NORTH BEND — North Bend’s Tuesday night city council meeting saw council members reject a resolution to increase public safety fees which were necessary to balance the city budget.
Council felt that it could not in good conscience approve the fee increase without bringing it to the people of North Bend for a vote in the coming November election.
Increasing the current $5 per month public safety fee is the city of North Bend’s attempt to bridge the $1.3 million gap between its property tax revenue and its cost to provide public safety.
“In this particular case, it’s a scenario where by police and fire costs us $1.3 million more than we get in property taxes total,” North Bend City Administrator Terence O’Connor said. "The only way the city can make up for that difference is through fees. That’s what we’ve attempted to do. Apparently our elected people have suggested that they would like some further light and guidance from the community on that.”
At Monday’s work session, the mayor and city council discussed the fees at length. Mayor Rick Wetherell and the rest of council agreed that they would prefer to let the people vote on whether or not to approve new fees.
A discussion was held on how much the fees might be varied. The city originally suggested a $12.31 raise in public safety fees. However, later the city asked the council to vote in a $20 fee increase, with the intention being that the city would not have to continually raise the fee. Council presented an option Monday where fees would be raised by $10 a month and the remaining $2 would be taken out of storm water fees that the city also collects. Ultimately, council decided that input from the people was the route they would like to take.
“It’s up to the people of North Bend to decide what type of city they want to have. We have painted a picture and it’s not a beautiful picture, but again my view is as it has been for over a year now, that we go to the public and see what they want to do.” Wetherell said.
The city now has two weeks to adjust and balance the budget before the July 1 deadline which the city is legally obligated to meet.
According to O’Connor, the public safety departments will be able to maintain operations without cutting services through December.
Police and fire account for just over half of the city’s budget. If the city is unable to find a new avenue to bridge the $1.3 million deficit, programs in those departments will be cut.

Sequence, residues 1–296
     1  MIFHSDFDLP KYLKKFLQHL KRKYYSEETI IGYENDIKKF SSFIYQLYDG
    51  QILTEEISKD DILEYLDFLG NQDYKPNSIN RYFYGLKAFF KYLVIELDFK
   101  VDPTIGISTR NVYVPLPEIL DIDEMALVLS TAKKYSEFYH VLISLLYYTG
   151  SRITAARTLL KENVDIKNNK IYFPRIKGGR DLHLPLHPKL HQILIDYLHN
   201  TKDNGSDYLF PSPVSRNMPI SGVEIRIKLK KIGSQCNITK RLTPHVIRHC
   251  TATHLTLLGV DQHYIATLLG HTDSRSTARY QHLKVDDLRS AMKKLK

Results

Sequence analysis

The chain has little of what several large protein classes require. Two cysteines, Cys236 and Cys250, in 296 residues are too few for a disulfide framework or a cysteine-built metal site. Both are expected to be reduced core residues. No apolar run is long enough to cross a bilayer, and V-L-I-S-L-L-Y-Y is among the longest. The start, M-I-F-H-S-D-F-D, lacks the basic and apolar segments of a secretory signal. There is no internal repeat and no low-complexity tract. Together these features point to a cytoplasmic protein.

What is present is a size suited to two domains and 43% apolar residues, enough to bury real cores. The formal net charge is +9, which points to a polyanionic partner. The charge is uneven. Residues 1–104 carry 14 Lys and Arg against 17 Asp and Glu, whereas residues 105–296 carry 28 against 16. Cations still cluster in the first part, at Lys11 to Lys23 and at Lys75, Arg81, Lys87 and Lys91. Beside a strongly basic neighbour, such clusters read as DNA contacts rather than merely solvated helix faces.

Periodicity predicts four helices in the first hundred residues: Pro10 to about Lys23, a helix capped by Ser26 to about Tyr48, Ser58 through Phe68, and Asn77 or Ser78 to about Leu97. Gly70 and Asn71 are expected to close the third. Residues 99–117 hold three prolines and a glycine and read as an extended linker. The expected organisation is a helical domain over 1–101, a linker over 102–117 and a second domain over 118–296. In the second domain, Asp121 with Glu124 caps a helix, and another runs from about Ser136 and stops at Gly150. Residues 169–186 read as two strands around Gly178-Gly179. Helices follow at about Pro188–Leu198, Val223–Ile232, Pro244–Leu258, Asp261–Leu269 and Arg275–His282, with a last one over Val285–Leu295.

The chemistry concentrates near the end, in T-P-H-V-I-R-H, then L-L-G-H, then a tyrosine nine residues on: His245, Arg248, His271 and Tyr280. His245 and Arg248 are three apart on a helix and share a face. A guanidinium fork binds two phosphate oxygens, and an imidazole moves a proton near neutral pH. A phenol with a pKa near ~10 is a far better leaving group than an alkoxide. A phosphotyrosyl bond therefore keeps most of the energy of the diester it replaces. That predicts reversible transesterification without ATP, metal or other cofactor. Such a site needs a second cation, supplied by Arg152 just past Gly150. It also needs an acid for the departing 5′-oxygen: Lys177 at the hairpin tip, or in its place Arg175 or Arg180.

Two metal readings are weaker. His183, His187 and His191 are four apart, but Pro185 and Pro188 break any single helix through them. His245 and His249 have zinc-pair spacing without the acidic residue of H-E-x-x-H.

For the North Bend Police Department, this means four newly trained officers will be laid off. North Bend Police Chief Robert Kappleman has been working for over a year now to increase the number of officers in North Bend. He’s presented a number of times in front of council and the community to state his case as to why he believes the city needs these new officers.
“The most crucial aspect of that presentation was that first of all we had significant delay in our investigators ability to initiate investigation on serious crimes. For example, if a child was abused or sexually assaulted, it was taking an average of 28 days before we could get on top of the workload to start that investigation. The additional four officers allowed us to move one additional officer into investigations, and that has resulted in our ability to begin serious crime investigations in less than 24 hours,” Kappelman said.
Kappelman’s second major point is that more than two thirds of the calls the department receives annually require more than one officer to respond. A year ago many of those calls were being responded to by only one officer.
“The calls for service were too vast, we had to divide and conquer in order to answer the calls of service. That simply isn’t safe. I’m not going to send my officers into a potentially deadly situation alone. What the additional officers have already done is drastically reduce, to almost zero, the number of two man calls where only one officer can respond,” Kappelman said.
As for how the potential cuts might affect the North Bend Fire Department, Chief Mark Meaker said that it would likely hinder the department’s ability to respond to emergency medical calls. Meaker and a couple of his colleagues told council that their average response time on medical calls is around three minutes, whereas they claim that local ambulance services average around 12 minutes to respond.
“This is something that the voters have the ability to do, but if they don’t, they need to realize that they’re sending EMS services back 50 years,” Meaker said.
Before council’s decision, two citizens came before council members to express their concerns about raising public safety fees.
“I appeared last time and I was all for it. What bothers me this time is just a few months ago I thought $5 was it. Why didn’t we address it all at once? I’ve heard all kinds of comments on the street about what’s going to happen three or four months down the road,” North Bend resident Lewis Ball said.
It’s uncertain at this time what the city will do to balance its budget. Even more uncertain is what November’s public safety fee ballot measure will ask of the people.